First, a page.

Thu, Aug 08, 2019 - Page 3 News List

Twenty-two people charged over rigging government bids

PROCUREMENT:A former official in charge of the NIA’s information division allegedly received NT$5.6 million in kickbacks and bribes from contractors

By Jason Pan  /  Staff reporter

Twenty-two people, including officials from the Ministry of the Interior (MOI) and the National Immigration Agency (NIA), were indicted yesterday in a corruption probe involving several government procurement contracts.

Former MOI Information Center director Shih Ming-te (施明德) headed up the list of suspects, who were charged with contravening provisions of the Government Procurement Act (政府採購法) and the Anti-Corruption Act (貪污治罪條例).

Shih and digital network company Transtep Technology Group chairman Lee Chi-shen (李奇申), who have been in custody since April, remained in detention with restricted communication.

The corruption probe into the procurement irregularities began in November 2017, when the Taipei District Prosecutors’ Office and agents from the Ministry of Justice’s Agency Against Corruption (AAC) conducted their first round of raids.

Shih served as the head of the NIA’s Information Division from 2006 to 2009, when he was in charge of more than a dozen government tenders to upgrade computers and install digal information processing systems.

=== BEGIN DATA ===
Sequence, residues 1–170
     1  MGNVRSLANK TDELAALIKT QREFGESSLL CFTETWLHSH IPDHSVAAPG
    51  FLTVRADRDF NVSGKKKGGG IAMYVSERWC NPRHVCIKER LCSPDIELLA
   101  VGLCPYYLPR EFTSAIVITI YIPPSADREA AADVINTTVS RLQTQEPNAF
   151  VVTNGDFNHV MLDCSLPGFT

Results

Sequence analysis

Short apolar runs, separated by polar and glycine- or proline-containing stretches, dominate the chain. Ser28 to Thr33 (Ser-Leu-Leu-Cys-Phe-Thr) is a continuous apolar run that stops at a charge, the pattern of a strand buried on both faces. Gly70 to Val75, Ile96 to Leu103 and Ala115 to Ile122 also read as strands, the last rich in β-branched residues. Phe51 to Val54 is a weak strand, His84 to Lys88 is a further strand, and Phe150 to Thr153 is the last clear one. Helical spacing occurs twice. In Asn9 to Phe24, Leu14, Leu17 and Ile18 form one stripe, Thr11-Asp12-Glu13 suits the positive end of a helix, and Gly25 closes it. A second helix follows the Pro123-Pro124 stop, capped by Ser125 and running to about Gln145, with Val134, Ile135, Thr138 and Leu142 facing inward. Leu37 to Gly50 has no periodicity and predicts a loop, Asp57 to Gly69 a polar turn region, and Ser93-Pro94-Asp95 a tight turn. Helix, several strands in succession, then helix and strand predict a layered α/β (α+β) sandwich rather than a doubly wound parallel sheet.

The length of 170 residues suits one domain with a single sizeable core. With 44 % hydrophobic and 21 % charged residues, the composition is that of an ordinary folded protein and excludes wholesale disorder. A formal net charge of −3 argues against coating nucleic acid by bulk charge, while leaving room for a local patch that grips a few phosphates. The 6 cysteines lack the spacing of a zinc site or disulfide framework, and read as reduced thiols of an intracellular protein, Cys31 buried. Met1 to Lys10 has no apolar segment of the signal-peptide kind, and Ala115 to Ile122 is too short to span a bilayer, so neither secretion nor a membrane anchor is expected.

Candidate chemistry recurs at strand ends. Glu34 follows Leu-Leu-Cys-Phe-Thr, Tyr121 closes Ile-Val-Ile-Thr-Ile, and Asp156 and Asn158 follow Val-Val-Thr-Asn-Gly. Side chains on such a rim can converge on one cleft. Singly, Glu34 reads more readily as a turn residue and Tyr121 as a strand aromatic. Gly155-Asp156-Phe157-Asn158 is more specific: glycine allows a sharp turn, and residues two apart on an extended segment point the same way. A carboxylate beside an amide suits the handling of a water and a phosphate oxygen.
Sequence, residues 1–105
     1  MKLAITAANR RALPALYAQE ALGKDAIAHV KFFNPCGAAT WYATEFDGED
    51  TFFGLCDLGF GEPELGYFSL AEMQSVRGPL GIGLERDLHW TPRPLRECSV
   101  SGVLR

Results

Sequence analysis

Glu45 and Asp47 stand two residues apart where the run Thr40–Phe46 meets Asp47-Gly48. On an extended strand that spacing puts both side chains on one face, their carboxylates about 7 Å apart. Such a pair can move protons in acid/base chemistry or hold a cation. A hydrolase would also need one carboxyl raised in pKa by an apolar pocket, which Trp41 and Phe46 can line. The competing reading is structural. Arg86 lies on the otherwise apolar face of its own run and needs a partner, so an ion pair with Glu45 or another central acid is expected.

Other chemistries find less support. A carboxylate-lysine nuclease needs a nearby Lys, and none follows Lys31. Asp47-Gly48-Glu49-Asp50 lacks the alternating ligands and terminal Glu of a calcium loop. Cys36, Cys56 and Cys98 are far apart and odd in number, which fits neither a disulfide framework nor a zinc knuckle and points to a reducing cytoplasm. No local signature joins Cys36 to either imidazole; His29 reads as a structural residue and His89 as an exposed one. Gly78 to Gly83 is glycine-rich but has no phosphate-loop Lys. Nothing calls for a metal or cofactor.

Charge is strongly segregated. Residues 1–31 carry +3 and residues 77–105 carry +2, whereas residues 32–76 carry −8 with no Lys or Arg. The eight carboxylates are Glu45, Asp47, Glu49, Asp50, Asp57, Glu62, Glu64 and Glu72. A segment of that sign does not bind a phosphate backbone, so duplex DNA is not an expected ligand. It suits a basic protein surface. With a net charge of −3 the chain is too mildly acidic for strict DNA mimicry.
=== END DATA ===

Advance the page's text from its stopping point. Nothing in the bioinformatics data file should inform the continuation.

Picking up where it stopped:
The largest procurement that Shih handled was a NT$770 million (US$24.5 million at the current exchange rate) contract to install new computer systems that process the personal identification data of travelers entering and departing the nation at Taiwan Taoyuan International Airport, with the tender details announced in 2009.

Prosecutors said they found evidence of Shih colluding with other ministry officials to receive cash and other financial benefits from contractors in exchange for leaking information about government tenders.

Shih allegedly received a total of NT$5.6 million in bribes and kickbacks from contractors, prosecutors said.

They alleged that Shih had over the years used the bank accounts of his wife, sisters and other family members to deposit the bribes from Lee and other contractors, and used these accounts for money laundering to hide the money trail.

Lawmakers have raised concerns about national security breaches as Shih allegedly accepted bribes from the winning company that would have installed electronics and communications equipment supplied by Chinese subcontractors.

Comments will be moderated. Keep comments relevant to the article. Remarks containing abusive and obscene language, personal attacks of any kind or promotion will be removed and the user banned. Final decision will be at the discretion of the Taipei Times.

TOP top